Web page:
Ann-Elise Henzl

News Director

Ann-Elise Henzl became News Director in September 2017.

Prior to her appointment, she worked in the WUWM Newsroom for more than 20 years. She served in a number of roles, including executive producer of the award-winning Project Milwaukee series, substitute news anchor for Morning Edition, and general assignment reporter.

Ann-Elise has been recognized for her work on numerous occasions, such as when she and a colleague shared the national Edward R. Murrow award from the Radio Television Digital News Association (for best use of sound in a story).

Ann-Elise has English and Mass Communication degrees from UW-Milwaukee, and attended Marquette University for two years.

When she's not at work, she often can be found at one of the area's dog parks, with her pal, Peabody.

» Contact WUWM News

Alex Wong / Getty Images

Updated at 4:47 p.m. CT

Democratic presidential nominee Joe Biden began a visit to Wisconsin on Thursday by meeting with the family of Jacob Blake, the Black man whose shooting by a white police officer sparked days of sometimes violent protests.

This was Biden’s first trip to Wisconsin this campaign cycle.

He spoke with Blake on the phone for 15 minutes during his visit. Biden says Blake “talked about how nothing was going to defeat him, about how whether he walked again or not, he was not going to give up.”

Getty Images

Milwaukee Mayor Tom Barrett says COVID-19 remains a threat, but there have been enough improvements in testing, tracing and other benchmarks to advance the city to Phase 3 of its Moving Milwaukee Forward Safely Plan. That means a number of Milwaukee businesses can expand their operations beginning Friday.

As of 2 p.m. Friday, bars and restaurants will be allowed to open their doors for indoor seating for the first time since mid-March. The number of customers must not exceed 25% of each restaurant’s capacity.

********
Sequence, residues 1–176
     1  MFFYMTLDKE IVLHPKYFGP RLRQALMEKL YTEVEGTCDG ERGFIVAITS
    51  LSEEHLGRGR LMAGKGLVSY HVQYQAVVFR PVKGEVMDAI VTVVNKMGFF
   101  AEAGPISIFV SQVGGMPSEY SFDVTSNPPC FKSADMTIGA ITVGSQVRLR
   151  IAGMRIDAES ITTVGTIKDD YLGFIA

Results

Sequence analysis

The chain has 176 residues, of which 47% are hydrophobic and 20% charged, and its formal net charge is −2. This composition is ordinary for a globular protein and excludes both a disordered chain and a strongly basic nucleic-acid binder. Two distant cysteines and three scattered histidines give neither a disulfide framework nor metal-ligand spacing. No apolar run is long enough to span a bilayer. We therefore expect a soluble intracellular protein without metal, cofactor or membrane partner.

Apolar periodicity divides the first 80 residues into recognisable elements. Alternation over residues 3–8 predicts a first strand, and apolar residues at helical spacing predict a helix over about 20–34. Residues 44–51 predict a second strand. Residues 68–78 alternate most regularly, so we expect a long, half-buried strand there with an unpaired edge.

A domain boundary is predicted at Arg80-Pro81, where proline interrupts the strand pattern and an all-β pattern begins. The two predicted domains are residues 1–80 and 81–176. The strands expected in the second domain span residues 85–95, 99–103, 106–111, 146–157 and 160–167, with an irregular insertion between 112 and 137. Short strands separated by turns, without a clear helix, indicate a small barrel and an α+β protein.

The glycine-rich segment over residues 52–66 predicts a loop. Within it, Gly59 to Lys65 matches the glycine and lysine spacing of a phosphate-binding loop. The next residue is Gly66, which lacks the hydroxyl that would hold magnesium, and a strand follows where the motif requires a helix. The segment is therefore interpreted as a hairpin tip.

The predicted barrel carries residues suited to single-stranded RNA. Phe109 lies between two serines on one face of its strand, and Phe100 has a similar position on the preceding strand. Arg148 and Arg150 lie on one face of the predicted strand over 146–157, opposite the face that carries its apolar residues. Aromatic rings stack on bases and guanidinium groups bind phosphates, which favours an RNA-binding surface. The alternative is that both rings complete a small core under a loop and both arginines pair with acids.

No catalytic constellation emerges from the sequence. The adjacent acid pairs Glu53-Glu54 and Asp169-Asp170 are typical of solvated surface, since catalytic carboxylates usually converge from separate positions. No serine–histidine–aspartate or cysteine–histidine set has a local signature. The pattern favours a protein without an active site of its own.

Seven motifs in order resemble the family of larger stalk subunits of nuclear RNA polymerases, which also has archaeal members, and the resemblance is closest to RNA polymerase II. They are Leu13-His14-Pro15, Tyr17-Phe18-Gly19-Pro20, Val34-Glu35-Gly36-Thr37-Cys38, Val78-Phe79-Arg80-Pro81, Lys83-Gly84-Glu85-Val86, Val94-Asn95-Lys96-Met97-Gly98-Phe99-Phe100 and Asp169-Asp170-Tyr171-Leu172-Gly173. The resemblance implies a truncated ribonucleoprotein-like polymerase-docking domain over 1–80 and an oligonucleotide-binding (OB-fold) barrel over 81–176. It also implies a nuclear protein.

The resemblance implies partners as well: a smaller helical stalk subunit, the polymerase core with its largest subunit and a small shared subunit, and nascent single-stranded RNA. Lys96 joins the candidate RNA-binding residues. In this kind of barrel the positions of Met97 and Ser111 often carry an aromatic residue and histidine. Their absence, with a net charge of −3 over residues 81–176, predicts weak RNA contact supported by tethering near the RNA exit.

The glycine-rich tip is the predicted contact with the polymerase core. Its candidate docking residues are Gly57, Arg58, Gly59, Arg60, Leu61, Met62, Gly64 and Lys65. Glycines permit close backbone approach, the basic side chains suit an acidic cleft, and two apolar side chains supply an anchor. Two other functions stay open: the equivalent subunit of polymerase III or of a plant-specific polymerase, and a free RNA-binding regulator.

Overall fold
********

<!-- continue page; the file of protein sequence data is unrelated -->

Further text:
Emily Files / WUWM

Protests are happening around the country following the May 25 death of George Floyd, a black man who died when a Minneapolis police officer kneeled on his neck. In Milwaukee, protests have been occurring since last Friday over Floyd's death and other cases of police brutality. Here you'll find updates on protests happening in the Milwaukee area.

Courtesy of Samer Ghani

Protests are happening around the country following the May 25 death of George Floyd, a black man who died when a Minneapolis police officer kneeled on his neck. Here you'll find updates on protests happening in the Milwaukee area.

Check out all of WUWM's protest coverage here:

The Milwaukee Police Department is investigating a multiple shooting in a home in the 2800 block of N. 12th St., on the city’s north side.

In a brief news conference early Monday afternoon, Police Chief Alfonso Morales said the bodies of five people, ranging in age from 14 to 41, were discovered in the home after someone called police around 10:30 a.m. on Monday to report that the person’s family was dead.

Teran Powell

It was a very unusual spring election and presidential primary in Wisconsin on Tuesday. It happened in the middle of the coronavirus pandemic and due to a court order, results won't be made public until April 13.

Chuck Quirmbach

For more up-to-date information, read our March 18 post.

Updated Tuesday at 1:31 p.m. CT 

Nuccio DiNuzzo/Getty Images

Updated Friday at 2:37 p.m. CT